I’ve answered this question a thousand times and never wrote anything down ha ha ha ha. This article answers all possible quesstions from what to feed, how much to feed, what brands to feed, when to feed and how many times a day to feed among other concerns. It’s downloadable or read online. Continue reading Feeding Puppies (Exhaustive, Complete)
Research seems to be validating more and more of Linus Pauling’s hypotheses about Vitamin C (ascorbate). Linus Pauling won the Nobel Prize, twice. Continue reading Vitamin C Ascorbate for dogs
Well, never, if you’re a retired Human Dentist because human dentists are veterinary experts now, because they read an article.
How to Feed a Dog In One Page
So when my clients come in, the single most common physical exam “defect” I find is the dog’s weight. And the thing is, they’re quadripeds which means they bear a lot of weight straight ACROSS the back and not up-and-down like we do.
And they’re not gifted with endless spinal health so “He can’t get up” is the death knell for the big dogs and DCM / airway embarrassment is the end of a lot of toy breeds – BOTH mitigate by weight.
So how does LEPTIN play in this? Learn below.
How To Get Little Dogs To Chew Stuff.
It’s so common to see little dogs with terrible teeth. And I found something that a lot of little dogs will actually chew. For example, to find something that a YORKIE will chew is miraculous.
What’s the problem with terrible teeth?
Diabetes III Insulin for a Fractious Pet
A mask may be necessary. Racing muzzles are pretty easy to put on. There are lots of kinds of masks.
Some people are like “Nuts to this, I know she has a right to complain but I’m not getting bitten over this” and let their dogs go. Depending on the ‘battle’ it is, I could be aligned to that thought process.
Folks sometimes call the office looking for something they can do for their dog til it can get seen, or over the weekend, or just IN CONJUNCTION with a standard treatment.
And they ask about AZO, AZO Standard. Which is FINE to ask about except it turns out, the compound in AZO STANDARD is toxic to dogs.
Azo Cranberry, on the other hand, can be soothing, and it makes it harder for bacteria and inflammation to occupy the bladder and urethra.
Currently, Azo Cranberry isn’t made with Xylitol (it’s been years since manufacturers used Xylitol in anything that was possibly going to be used for dogs and cats. They’ve gone to sorbitol for the most part but MAKE NO ASSUMPTIONS and look. Xylitol can be toxic to dogs.
These are Azo Cranberry gummie chews and perhaps they'd be better taken by pets? The tablets may be better suited to embedding in peanut butter, cheese or your favorite form of pill disguise.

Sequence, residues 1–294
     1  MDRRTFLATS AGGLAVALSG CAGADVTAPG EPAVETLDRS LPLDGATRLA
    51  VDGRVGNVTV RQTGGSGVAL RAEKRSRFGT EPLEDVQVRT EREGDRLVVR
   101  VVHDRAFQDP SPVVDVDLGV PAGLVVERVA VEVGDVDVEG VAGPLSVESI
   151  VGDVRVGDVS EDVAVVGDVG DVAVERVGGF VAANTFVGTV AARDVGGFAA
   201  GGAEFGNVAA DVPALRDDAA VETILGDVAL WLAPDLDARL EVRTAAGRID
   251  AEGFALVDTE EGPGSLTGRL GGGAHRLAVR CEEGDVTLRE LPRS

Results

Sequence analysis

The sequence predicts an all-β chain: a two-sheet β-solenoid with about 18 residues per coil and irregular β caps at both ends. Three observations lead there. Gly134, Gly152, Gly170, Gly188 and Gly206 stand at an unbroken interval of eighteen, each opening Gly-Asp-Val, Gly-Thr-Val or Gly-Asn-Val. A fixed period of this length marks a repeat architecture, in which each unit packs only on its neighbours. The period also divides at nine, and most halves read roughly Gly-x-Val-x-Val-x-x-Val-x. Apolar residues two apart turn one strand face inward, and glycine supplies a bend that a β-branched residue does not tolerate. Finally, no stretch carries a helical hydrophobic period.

This is the tablet version. You can use "the adult dose" per 50 pounds of dog. That means if the 12 to adult dose is 2 tabs twice a day, go with that. If you're treating a little dog, consider quarters to halves. Still, the margin of safety on 'pure cranberry' is high.
I would add, that if some dog-breeder message board is running off telling people to use "just any" Azo, or they're recommending another Azo, (for example the one with the extra chemistry in it) AND you try it, AND it works and doesn't wreck your dog's kidneys or mentation, please let me know. That is COMMONLY a way I learn new things, is treating things the breeder message boards cause, SOMETIMES for better, SOMETIMES for worse.
Current thought on dog training is never to tell your dog NO.
If he’s savaging a small child, you have to WAIT TIL HE ISN’T and then reward the STOPPING – not scold or discipline the ATTACKING – because that would negatively impact his stress level and his self-esteem.
Peeing on the floor? Settle in and discuss his actions, help him understand how that impacts others – DO NOT TELL HIM “NO” – What you do according to some current thoughts and studies is REWARD the “not doing the bad thing”.
Never, EVER tell your dog “No”
It’s better for a dog’s self esteem and future relationships.
When he’s done pooping or peeing on your floor, or tearing up the cushions on your sofa WAIT UNTIL HE STOPS AND REWARD THE STOPPING. Otherwise he could develop ‘daddy issues’.
Think I’m kidding? Read This
What is FOS and Why Should I Care?
FOS stands for “Fructo-Oligo-Saccharides” and it’s pure “inulin” – (not insulin lol)
Inulin is the ‘active ingredient” in all the cholesterol-lowering-good-gut-germ-growing-probiotics in the plant kingdom. Black beans, canned pumpkin, sweet potato, etc.
It turns out, to maintain a decent quality poop for most indoor dogs, “FOS” is great.
Gluten free and powerfully bio active in the gut, FOS slows an irritable bowel, and activates a stale one.
Question: Is FOS better than ‘canned pumpkin’?